Despite concerns raised by more than 50 scientists, the Environmental Protection Agency has granted a one-year registration for Midas fumigant from Arysta LifeScience of Cary, N.C. The product, which contains the active ingredient methyl iodide, is billed as a methyl bromide replacement.



The one-year registration will allow the EPA to complete its reregistration review of fumigant products that were already on the market before Midas was registered.



The agency can then renew the Midas registration, complete registration for the other fumigants and require all fumigant manufacturers to put common mitigation measures in place at the same time.



The EPA registered Midas for use on strawberries, tomatoes, peppers, ornamentals, stone fruits, nut crops, vine crops (including table and winegrapes), turf and nursery crops. It will be marketed as Midas EC Gold, a combination of 33 percent methyl iodide and 62 percent chloropicrin.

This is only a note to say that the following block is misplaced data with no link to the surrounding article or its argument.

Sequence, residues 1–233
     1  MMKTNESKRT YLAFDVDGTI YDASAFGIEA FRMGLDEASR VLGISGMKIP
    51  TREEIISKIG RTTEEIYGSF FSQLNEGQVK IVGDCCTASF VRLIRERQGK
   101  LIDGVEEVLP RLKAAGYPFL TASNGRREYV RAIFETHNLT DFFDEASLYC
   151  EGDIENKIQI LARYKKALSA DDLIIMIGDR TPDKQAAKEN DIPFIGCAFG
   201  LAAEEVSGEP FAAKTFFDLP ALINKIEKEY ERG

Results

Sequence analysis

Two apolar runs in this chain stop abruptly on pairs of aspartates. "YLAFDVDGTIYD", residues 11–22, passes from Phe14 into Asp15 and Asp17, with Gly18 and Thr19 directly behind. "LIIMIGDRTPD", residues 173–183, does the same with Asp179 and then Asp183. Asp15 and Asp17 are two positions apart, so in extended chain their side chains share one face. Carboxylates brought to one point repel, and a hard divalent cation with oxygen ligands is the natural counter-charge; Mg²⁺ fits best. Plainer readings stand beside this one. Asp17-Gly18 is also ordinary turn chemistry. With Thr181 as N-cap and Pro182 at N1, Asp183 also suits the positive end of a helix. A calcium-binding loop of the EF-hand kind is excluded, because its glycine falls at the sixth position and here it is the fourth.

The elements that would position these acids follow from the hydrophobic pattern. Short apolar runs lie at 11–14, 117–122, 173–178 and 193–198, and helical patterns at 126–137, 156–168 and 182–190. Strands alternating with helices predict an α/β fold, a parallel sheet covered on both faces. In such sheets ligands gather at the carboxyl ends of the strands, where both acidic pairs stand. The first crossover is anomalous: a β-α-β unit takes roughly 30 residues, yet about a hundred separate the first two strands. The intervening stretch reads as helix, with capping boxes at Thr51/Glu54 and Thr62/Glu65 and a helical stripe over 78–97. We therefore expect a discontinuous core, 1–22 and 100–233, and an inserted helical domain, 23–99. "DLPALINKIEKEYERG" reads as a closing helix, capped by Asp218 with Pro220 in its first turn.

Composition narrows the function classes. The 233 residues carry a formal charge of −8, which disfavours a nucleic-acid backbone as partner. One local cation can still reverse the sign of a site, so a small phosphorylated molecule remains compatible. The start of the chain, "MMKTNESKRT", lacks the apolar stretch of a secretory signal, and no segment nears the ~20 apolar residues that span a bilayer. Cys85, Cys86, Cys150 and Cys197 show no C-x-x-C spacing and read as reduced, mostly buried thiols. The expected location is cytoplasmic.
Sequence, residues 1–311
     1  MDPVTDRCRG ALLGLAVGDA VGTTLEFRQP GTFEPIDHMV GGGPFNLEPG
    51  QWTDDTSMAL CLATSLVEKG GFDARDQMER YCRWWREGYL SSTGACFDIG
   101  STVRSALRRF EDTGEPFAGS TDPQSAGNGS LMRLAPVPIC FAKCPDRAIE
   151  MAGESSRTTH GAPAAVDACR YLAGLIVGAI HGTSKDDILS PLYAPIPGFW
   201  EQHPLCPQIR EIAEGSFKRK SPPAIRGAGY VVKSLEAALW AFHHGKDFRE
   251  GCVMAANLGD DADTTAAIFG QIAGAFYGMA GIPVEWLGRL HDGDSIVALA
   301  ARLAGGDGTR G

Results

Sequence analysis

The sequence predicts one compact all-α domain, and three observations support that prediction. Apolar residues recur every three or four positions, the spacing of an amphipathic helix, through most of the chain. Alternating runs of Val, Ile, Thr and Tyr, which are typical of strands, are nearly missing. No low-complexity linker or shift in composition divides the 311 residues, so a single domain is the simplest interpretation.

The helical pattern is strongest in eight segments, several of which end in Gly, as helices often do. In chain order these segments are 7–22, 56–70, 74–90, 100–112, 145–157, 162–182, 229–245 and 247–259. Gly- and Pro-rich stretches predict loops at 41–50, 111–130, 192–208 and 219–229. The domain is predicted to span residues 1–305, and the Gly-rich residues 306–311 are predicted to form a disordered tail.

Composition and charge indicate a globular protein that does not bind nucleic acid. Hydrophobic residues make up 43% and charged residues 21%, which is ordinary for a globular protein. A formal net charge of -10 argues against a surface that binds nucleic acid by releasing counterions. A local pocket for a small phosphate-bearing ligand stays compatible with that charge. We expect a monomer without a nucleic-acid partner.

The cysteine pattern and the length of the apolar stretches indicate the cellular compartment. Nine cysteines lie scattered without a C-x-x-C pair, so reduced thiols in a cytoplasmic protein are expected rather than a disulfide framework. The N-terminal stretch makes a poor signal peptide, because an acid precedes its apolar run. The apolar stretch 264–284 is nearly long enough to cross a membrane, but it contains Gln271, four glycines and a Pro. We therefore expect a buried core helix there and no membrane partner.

As part of the registration, Arysta agreed to a certified applicator training program, which will ensure proper handling and application. EPA also has implemented buffers zones that are scalable based upon fumigant rate and number of acres applied.



To view all of EPA's provisions for using methyl iodide, click here.



The California Department of Pesticide Regulation was one of the entities raising concerns about the product's safety. It currently is reviewing the fumigant and won't have results for at least a year.



On Sept. 24, more than 50 scientists sent a letter to EPA raising several concerns, including Midas as a potential carcinogen and worker exposure. The EPA replied Oct. 5 in a letter outlining how it had addressed those concerns.



"We are confident that by conducting such a rigorous analysis and developing highly restrictive provisions governing its use, there will be no risk of concerns," the agency wrote.